Its a rainy Saturday morning in mid December. Inside a multi-purpose room on the ground floor of Strathcona Community Centre, 16 Eastside kids and half a dozen adults are converging under the fluorescent lights.
As a group, their focus isn't on Christmas, or the unrelenting rain, or even the steady sound of stomping feet intruding from the room above.
"The house lights go down for the overture," director Paul Belanger calls out in a booming voice to the kids, who are now gathered behind chairs that represent the wings of a stage. Even in rehearsal, their excitement and jitters are palpable. "Overture ends, then lights up on the fairy in front."
The play in question is Mirror, Mirror, Project Limelight's Snow White-inspired pantomime set for a January 12 run date.
Despite the young age of the actors — all of whom live in Vancouvers Eastside — and the community centre setting, the rehearsal proceeds just as it would in the professional theatre world. Actors move from mark to mark, recite lines, and receive detailed notes from the director and stage crew. Focus is paramount, although occasionally, there are bursts of giggles — mostly from the children, but sometimes from the grown-ups, too.
The rehearsal comes to a natural pause after an hour, when the kids turn their attention to tables of healthy food and reusable dishware that have been stealthily set up by several adult volunteers.
It's this combination of performing arts and nourishment that has made Project Limelight an Eastside fixture since it was first established by sisters Maureen Webb and Donalda Weaver less than two years ago. The show biz veterans wanted to do some good in the community following the death of their mother.
Thus, Project Limelight was born. Its mission: to provide a free performing arts program to Eastside kids and equip them with all of the benefits of the arts: self-confidence; curiosity; community; responsibility; imagination; mentorship; fun.
"We see remarkable change in some of the kids who have a few more problems than the others, and we see how joyous it is," says Webb during a post-rehearsal conference call with WE and her sister. "It's working wonders."
The program runs three sessions per year, during which 18 kids ages eight to 15 meet several times a week to prepare for a show. They're guided in their pursuit by an impressive team of industry pros. A healthy meal is provided at every rehearsal.
Over the course of its short life, Project Limelight has benefited from enthusiastic private and corporate support. Its earliest supporter was none other than Sir Richard Branson. "[Branson] set the tone," says Weaver. "What he did for us was just amazing. It wouldn't have mattered how much it was that he gave us. It was just the fact that he believed in us, and he believed in our model. The community has risen around that."
But Project Limelight has also been touched by tragedy. It found itself in the international spotlight this past summer when its most high-profile advocate, Glee star Cory Monteith, died of an accidental overdose in a Vancouver hotel room.
Monteith had publicly and passionately supported Project Limelight, and his death brought an unexpected wave of support for the organization.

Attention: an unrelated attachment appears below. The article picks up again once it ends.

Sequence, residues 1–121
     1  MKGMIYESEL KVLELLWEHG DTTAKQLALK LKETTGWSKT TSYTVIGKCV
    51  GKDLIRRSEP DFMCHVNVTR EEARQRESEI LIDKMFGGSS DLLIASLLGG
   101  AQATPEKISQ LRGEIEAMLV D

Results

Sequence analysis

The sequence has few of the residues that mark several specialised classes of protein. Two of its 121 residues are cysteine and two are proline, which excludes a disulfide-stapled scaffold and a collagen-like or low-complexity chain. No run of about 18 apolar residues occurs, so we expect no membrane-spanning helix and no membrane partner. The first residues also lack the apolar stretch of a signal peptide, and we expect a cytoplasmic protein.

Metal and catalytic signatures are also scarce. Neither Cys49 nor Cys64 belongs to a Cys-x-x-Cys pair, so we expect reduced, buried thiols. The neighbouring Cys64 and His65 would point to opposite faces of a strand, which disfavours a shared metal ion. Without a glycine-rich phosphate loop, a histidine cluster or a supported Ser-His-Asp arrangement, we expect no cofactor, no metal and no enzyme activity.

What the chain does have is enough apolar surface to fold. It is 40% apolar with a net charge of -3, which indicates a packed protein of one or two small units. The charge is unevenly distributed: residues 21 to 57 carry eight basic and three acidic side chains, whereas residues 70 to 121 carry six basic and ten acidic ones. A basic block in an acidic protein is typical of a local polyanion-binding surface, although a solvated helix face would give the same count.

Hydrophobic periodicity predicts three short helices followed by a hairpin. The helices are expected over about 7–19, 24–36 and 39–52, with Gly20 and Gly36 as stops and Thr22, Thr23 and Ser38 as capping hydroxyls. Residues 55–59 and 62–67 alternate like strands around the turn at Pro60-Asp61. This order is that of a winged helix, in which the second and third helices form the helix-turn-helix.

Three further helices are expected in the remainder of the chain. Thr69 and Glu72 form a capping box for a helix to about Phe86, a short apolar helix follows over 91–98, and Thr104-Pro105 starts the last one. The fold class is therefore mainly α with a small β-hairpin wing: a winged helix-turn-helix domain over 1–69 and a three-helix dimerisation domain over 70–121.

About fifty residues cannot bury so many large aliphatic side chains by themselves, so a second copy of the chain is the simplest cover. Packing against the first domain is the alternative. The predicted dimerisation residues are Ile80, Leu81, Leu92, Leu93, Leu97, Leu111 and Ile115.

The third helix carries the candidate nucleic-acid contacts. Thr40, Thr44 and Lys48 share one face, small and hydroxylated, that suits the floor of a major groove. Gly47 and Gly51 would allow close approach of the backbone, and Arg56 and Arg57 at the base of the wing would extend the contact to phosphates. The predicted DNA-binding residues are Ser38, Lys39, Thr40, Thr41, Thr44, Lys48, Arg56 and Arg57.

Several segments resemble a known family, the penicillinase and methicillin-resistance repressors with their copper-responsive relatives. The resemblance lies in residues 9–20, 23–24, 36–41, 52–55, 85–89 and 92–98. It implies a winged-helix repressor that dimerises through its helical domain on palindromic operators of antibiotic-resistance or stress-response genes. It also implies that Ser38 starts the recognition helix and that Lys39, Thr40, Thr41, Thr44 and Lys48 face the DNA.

"That word 'bittersweet' comes up. It's hard to talk about it in a way of being grateful, but it's been tremendous as far as what it's done for shining a light on us," says Webb, a friend of Monteith's since the early days of his career. "Cory brought us into the spotlight anyway. That was his goal, and he did a great job of that, and how it affected us personally is were just incredibly saddened."
In the immediate aftermath of Monteith's death, his family named Project Limelight as one of three organizations to which donations could be made in his memory. In October, Fox and Columbia Records donated all of the proceeds from Glee's tribute episode's iTunes sales to Project Limelight. "We became a place where his fans could reach out and tell us how sad they were, and how happy they were that he supported us," says Webb, describing a group of girls who bought a star in his memory and then wrote to tell her all about it. "The letters, and the emails, they're still coming in."
The week before he died, Monteith dined with Webb and his agent Elena Kirschner at East of Main Café, the sisters' East Georgia restaurant above which Project Limelight is based. Though a separate, for-profit entity, East of Main has fed into Project Limelight in two ways, donating its profits to Project Limelight and also supplying the food for its rehearsals.
This support should continue for the future, even though East of Main will be taking a hiatus for the month of January. Says Webb: "We're trying to re-energize and figure out a way that we can become a more viable source of income for Project Limelight; we have no intention of letting it go."
January, though, is mainly about the actors and Mirror, Mirror: first rehearsing, then performing, and, finally, rejoicing in a job well done.
"The greatest moment for me as a director is to see their faces on stage and see what we've done for them," says Belanger as lunch winds down and the cast preps for the second half of rehearsal. "This stuff changes peoples' lives."
Mirror, Mirror runs for two performances on January 12 at the Fei and Milton Wong Experimental Theatre at SFU Woodwards (149 West Hastings). Tickets are $10/$15 at ProjectLimelight.ca.